While many people might react to winning awards with pride and self-congratulation, juniors Erin Allen and Andrew Stricklin, winners of this year’s Barnabas Leadership Award, do quite the opposite.
Each year, Union presents the Barnabas Leadership Award to two juniors “who have demonstrated significant leadership skills and a willingness to serve the campus and community,” according to the university’s website.
The committee awards $500 to each student, asking them to donate $100 to a charity of their choice.
Social work major Erin Allen, from East Charlotte, Tenn., designated End Slavery Tennessee as her charity.
In her time at Union, Allen has volunteered with RIFA, Birth Choice, Alexandria Place nursing home, End Slavery Tennessee, End It Movement and Madison Oakes Juvenile Detention Center.
On campus, she has been an active member of the Student Government Association and Social Work Reaches Out, in addition to serving as residence advisor.
“When we have a leadership position we serve those in a position below us, because this is the heart and desire of a servant,” Allen said in a written response to her nomination. “It is fulfilling to serve others, because it pleases you, it is a way to lead that sets a Christ-like precedent and because it pleases God.”
Allen added she has felt blessed by the relationships her service has allowed her to develop.
“When I have served alongside those who are passionate about the same things I have, the relationship becomes instinctive and rich,” she said. “While I thought I was serving them, they served me.”
As a social worker, Allen said she hopes to offer water therapy to victims of human trafficking and counseling for victims of domestic abuse.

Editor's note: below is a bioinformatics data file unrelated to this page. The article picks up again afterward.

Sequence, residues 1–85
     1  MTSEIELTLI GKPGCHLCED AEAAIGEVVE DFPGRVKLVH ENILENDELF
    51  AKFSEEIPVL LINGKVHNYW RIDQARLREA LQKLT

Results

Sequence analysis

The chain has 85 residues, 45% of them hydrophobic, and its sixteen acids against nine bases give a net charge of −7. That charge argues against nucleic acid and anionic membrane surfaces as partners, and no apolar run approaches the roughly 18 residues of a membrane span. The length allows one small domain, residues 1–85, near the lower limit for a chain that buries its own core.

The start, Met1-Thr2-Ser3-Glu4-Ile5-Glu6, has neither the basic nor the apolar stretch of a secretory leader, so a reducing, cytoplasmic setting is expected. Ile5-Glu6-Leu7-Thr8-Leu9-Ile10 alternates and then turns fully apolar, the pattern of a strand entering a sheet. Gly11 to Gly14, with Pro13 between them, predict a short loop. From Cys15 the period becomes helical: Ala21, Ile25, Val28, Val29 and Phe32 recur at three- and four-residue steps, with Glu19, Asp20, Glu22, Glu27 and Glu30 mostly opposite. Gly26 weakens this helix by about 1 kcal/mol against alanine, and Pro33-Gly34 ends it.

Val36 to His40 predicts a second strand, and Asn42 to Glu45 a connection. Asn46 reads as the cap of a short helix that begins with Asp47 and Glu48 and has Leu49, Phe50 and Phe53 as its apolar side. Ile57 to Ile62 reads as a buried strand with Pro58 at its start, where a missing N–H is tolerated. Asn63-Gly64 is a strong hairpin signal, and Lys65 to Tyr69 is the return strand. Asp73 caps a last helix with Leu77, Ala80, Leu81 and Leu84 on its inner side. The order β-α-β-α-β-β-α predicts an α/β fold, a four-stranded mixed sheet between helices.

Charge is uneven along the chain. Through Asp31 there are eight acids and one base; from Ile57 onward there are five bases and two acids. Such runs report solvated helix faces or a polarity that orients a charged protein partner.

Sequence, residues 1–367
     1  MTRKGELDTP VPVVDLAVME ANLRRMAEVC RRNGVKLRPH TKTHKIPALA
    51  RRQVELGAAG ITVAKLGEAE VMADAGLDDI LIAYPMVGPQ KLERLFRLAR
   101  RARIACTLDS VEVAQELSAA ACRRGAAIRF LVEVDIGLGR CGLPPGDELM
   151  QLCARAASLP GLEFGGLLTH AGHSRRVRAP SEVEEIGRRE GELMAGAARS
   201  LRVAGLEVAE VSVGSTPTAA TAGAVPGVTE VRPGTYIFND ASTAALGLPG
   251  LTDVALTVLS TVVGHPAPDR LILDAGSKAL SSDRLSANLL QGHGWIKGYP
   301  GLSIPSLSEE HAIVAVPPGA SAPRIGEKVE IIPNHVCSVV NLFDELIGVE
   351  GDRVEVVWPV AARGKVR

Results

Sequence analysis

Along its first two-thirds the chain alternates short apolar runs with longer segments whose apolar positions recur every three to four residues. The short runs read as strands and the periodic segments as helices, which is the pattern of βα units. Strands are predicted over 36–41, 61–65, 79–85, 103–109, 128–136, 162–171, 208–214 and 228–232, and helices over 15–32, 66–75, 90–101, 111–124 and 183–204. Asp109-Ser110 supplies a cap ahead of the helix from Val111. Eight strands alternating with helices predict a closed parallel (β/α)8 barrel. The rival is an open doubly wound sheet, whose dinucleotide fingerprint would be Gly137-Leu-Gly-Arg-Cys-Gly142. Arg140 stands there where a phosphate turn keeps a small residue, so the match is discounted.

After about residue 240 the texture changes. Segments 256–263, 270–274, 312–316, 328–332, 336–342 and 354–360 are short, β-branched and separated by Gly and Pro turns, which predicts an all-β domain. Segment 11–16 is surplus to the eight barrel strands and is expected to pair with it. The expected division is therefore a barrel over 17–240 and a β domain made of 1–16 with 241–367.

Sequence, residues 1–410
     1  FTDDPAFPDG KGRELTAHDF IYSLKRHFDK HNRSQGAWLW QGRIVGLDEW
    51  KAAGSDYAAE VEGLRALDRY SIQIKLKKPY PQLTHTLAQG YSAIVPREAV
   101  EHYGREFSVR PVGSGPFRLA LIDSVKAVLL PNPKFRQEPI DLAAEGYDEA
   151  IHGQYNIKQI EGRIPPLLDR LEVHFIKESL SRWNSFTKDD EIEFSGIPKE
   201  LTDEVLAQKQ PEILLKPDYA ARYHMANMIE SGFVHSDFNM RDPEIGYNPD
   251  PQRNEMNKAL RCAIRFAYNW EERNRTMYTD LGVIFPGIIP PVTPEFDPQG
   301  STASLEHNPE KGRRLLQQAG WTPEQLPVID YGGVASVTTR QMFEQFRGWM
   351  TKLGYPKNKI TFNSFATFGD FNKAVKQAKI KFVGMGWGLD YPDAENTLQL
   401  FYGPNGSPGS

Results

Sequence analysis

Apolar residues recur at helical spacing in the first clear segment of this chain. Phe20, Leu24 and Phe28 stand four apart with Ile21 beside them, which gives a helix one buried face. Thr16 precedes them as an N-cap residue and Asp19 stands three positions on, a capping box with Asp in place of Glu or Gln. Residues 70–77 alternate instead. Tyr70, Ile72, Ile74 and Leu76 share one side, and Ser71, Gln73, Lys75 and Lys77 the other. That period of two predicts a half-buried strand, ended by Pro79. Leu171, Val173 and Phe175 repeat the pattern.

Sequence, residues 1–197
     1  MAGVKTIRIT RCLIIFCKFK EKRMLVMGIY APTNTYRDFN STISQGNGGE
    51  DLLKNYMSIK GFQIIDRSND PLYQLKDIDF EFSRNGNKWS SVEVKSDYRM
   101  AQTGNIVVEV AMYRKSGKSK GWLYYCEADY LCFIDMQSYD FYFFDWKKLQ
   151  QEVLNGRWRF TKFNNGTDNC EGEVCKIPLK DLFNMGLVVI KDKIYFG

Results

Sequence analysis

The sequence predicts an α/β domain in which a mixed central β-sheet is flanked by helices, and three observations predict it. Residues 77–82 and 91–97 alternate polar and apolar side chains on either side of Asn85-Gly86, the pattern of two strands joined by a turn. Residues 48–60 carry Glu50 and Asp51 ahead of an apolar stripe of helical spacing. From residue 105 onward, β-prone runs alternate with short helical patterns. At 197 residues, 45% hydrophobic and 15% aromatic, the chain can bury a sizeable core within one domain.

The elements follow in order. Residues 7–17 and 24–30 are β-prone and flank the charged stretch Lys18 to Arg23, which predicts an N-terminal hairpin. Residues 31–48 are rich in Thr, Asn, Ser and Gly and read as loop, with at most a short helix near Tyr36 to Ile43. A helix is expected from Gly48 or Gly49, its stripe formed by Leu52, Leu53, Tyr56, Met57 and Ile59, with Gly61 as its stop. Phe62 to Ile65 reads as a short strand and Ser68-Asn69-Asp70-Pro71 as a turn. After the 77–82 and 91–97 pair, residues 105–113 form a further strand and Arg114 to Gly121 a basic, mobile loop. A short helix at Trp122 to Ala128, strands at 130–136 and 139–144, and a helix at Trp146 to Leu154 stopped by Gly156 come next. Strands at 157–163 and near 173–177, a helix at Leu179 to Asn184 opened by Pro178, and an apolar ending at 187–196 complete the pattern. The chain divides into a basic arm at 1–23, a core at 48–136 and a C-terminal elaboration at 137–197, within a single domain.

She said she would like to “be in a position where I can constantly serve others in a way that points to a just God but also a loving Christ.”
Andrew Stricklin, a chemistry major from Paducah, Ky., with a double minor in mathematics and Christian thought and tradition, chose Area Relief Ministries as his designated charity.
In his response to nomination, Stricklin wrote that he thinks being a servant leader is the only Christ-like form of leadership.
Servant leadership involves modeling one’s life after Christ’s “humility and tirelessness,” Stricklin said.
This approach can require “praying on your knees daily for your group, late nights and early mornings saying ‘yes’ to whatever need your members present to you, constant encouragement and overall intentionality in your relationships,” he added.
Stricklin’s primary outlet for service is his involvement in Young Life, a ministry to high school students that stresses involvement in the students’ daily lives.
He also volunteers with Room at the Inn, a ministry to the homeless, though his church, City Fellowship in Jackson.
Stricklin said he has been a FOCUS leader, an active member of Union’s chapter of Student Members of the American Chemical Society and received the “Outstanding Freshman Chemistry Student” award in 2012.
He also was a founding member of the Union University Ultimate [Frisbee] intercollegiate club team and served on the Student Financial Planning Committee, he said.
Like Allen, Stricklin takes little credit for his hours of service.
“I have had excellent team members who have forgiven me when I’ve failed and gotten behind me as I lead,” he said. “For the first time, I have taken to heart the truth that life is not about me, and I, therefore, do not revolve around myself.”
Stricklin said ministry has involved more confrontation than he expected, whether it be sitting down with Young Life team members who are “not representing Christ well” or coping with “homeless friends” relentlessly calling him and asking for money.
“There have been several nights of my leadership when I just want to throw my hands up and say, “I need a break!” or “You’re not doing this right!” Stricklin said. “But when I just spend time alone with God, I am reminded that it’s not about me, and that ultimately Christ will bear those burdens.”